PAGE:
I pushed past the headache that I'd gotten from my chocolate binge and started thinking hard and fast. "Don't you have to pee?" I asked matter-of-factly.
"Okay then, you'd better go!"
Gabriel left. I leapt out of bed, raced to my purse, grabbed two singles, ran back, and shoved them under the pillow where Gideon's head was resting in my bed.
"Okay, Mom," Gabriel said, walking back to the room, sadly staring at the floor.
"Come here, honey," I said, hoisting him next to me. "Why don't you check in here? Maybe the poor Tooth Fairy got lost or confused."
He stuck his hand under all the pillows. Nothing. Then Gideon sat up abruptly. "Hi, Momma!"
"Hi, Bubby!" I said and stage-whispered: "Gabriel, quick! Now check under that pillow!"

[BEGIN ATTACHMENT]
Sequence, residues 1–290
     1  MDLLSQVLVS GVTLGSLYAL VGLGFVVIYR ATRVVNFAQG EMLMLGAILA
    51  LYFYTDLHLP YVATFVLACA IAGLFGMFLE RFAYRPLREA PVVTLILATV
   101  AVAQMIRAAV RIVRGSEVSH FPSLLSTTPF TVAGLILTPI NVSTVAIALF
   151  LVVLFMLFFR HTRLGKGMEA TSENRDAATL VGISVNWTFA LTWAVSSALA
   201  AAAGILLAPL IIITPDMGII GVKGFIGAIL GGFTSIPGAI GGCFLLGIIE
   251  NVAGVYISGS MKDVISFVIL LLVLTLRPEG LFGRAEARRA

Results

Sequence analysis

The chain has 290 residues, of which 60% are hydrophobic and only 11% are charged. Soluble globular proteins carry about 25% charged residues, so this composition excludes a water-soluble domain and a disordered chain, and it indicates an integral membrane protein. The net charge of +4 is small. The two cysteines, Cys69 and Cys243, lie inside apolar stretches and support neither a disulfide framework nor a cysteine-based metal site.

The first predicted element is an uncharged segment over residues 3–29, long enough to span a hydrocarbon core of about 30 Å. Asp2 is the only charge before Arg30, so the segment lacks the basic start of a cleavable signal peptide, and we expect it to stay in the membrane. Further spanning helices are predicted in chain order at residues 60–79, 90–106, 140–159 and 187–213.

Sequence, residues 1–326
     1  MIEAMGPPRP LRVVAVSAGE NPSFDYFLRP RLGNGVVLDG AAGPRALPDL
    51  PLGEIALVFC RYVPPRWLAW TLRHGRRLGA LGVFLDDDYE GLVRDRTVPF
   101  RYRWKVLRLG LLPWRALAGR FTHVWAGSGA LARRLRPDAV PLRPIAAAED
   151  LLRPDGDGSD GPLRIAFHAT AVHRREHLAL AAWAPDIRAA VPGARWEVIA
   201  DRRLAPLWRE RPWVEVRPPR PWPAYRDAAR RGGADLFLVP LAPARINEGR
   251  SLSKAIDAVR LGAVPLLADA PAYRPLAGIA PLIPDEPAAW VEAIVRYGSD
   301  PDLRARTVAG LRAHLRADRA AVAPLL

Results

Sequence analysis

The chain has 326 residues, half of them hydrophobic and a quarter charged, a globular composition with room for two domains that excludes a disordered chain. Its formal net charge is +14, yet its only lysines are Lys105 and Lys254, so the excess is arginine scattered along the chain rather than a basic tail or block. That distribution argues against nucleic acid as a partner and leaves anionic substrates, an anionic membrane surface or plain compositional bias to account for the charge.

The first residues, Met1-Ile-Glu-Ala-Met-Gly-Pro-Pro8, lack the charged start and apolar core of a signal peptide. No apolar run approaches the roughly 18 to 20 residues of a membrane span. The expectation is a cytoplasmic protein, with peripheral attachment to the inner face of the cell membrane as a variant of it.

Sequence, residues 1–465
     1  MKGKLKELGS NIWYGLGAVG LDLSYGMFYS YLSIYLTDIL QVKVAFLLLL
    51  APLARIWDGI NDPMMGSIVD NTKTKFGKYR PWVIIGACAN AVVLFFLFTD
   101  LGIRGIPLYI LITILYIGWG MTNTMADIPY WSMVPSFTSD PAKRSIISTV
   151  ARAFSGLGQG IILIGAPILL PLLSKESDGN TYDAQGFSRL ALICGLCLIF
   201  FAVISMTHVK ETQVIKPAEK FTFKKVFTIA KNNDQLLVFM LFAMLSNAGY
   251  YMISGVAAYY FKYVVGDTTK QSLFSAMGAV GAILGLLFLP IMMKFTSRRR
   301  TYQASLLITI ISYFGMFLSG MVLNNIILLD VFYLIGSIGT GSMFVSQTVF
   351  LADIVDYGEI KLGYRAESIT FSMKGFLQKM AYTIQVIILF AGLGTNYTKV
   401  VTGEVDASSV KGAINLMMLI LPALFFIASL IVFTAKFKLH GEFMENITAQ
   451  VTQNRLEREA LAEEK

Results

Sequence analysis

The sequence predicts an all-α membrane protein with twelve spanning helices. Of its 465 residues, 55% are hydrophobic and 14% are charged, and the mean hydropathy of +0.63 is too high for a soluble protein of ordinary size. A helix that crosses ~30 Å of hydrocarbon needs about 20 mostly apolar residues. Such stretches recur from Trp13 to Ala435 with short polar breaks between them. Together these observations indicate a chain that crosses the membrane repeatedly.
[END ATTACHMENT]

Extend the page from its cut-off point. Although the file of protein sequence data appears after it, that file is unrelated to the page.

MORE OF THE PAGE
Gabriel stuck his hand in and pulled out a dollar. He smiled at first, but then quickly narrowed his eyes at me. Uh-oh. I couldn't be busted. I just couldn't.
"I know who the Tooth Fairy is, Mommy. It's your parents!" he said, triumphantly.
No, no, too young, too young! Too young to lose faith in the unknown!
"What?" I blurted. "Your parents? I don't think so. I wouldn't want that job. That job is too big. You know how many kids lose their teeth every day?"
"Yes, a lot. Parents are way too busy to take care of that. And I just remembered your brother kept yelling 'No! No!' in his sleep and I couldn't figure out why. He was obviously trying to redirect the Tooth Fairy to your room. Go put that in your piggy bank for safekeeping!"